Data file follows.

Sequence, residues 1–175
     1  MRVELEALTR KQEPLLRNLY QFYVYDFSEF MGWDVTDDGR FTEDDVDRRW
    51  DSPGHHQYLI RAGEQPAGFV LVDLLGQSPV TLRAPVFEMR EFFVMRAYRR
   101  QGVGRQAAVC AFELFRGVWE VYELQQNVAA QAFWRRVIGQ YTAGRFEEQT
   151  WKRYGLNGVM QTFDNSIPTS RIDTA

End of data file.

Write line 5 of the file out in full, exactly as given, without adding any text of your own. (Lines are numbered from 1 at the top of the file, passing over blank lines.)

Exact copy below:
   151  WKRYGLNGVM QTFDNSIPTS RIDTA